These days there seems to be a tablet for virtually every occasion–from devices like the uber-performance ASUS Transformer coming in at nearly half a lac to the glut of veritably no-name Taiwanese devices that can be yours for under 6,000 bucks. I’ll say from experience that the very cheap devices are barely useable for even most tablet-related activities like watching movies or checking in to your favorite websites. And the higher end of the spectrum can broadly be classified as ‘the iPads’ and ‘the rest of them’. But interesting to note is the recent proliferation of products in the mid-price Rs 8,000 to 15,000 range.
I recently got my hands on such a device–the Zync Z990. Launched on the 20th of March, this is purportedly India’s first Android device that runs the latest version of Google’s operating system–version 4.0 (popularly known as Ice Cream Sandwich.) After spending a week of quality time with it, I came away with mixed feelings.
Let’s start with the package contents. Besides the device there’s a regular set of earphones, a snug lycra carry pouch, a standard USB cable, charger and screen guard. The device primarily comprises a plastic casing and the 7-inch capacitive touchscreen.
All ports are on the right edge, and have printed labels on the underside–useful for first-time users who might need guidance. There are three buttons–Power, Menu and Esc–on the upper right edge. I plugged it in, tapped the Power button and after the mandatory branding splash screen there was a not-so-brief 1-minute boot time before I reached the home screen. This home screen was largely empty, with just a barebones clock, and two icons for accessing Settings and Phone (not sure why this icon was included as this device does not have cell phone capabilities.) The manufacturer clearly chose to go with a stock operating system with no specific customization. So for a user new to Android, there’s little visual guidance about what to do next–I expected the screen to at least be pre-configured with shortcuts to common applications. For those who are familiar with Android, navigation and configuration should be straightforward–I quickly populated the home screen with the stock applications I knew I’d be using–the Play Store, Settings, Gallery, Camera etc. In this avatar of the operating system, you access the application listing by touching the grid-like icon in the upper right corner. I dragged and dropped relevant application and widget shortcuts from here, and quickly set up the layout to my liking. Next up, I went to the Settings screen and quickly configured the device to connect to my wireless network. Access to device settings is very intuitive with the dual-panel scrolling layout–swipe through setup categories on the left, and touch a category to view and change its configuration on the right. With Internet connectivity established, I dived in.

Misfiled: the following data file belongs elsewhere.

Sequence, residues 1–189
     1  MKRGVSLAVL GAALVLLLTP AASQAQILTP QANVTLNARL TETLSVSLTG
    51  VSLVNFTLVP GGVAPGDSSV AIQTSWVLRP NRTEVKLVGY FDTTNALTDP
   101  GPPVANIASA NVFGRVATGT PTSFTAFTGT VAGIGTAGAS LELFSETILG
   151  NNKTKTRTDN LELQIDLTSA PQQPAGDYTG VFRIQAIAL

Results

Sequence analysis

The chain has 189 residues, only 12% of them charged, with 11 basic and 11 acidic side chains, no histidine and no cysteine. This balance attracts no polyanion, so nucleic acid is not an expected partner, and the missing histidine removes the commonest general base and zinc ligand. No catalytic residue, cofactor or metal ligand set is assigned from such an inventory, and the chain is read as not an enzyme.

The power and utility of a tablet primarily emerges when it is online, so during this review I cycled through a gamut of usage scenarios–downloading and using applications, streaming videos, reading news feeds, checking email, playing games and more. Some of the applications I used in this review included:
- Dolphin Browser HD: In my opinion one of the most powerful, speedy, and configurable mobile browsers available
- Pulse News Reader: A fantastic news reader that renders stories and clickable tiles–very intuitive, and a great way to get up to speed with your favorite news sites
- Aldiko Book Reader: A Spartan and configurable eBook reader
- Astro File Manager: A useful application for managing files on an Android device and its SD card
General user experience
Two of the most important aspects of a tablet are its screen quality and user interface response. And here’s an area I found this device falling short–when viewed head on, the 800×480 display was reasonably sharp but the colors appeared a tad washed out in high contrast areas. For example, small dark text on a bright background caused the text to appear blurry and grey. But more importantly, I saw significant degradation in brightness and color when viewed at oblique angles–both horizontally and especially vertically (see image above; Left: Viewing at a horizontal angle, Middle: Viewing head on, Right: Viewing at a vertical angle.) This was particularly noticeable with photos in portrait mode–it was apparent that each of my eyes was seeing differing hues in the same photo–for those that have experienced such a phenomenon, you’ll know how unsettling this can be. With normal viewing in landscape mode, photos and videos appeared reasonably well. Especially with videos, the device rendered both standard definition and high definition (720p and 1080p) videos smoothly making it a very capable personal movie player.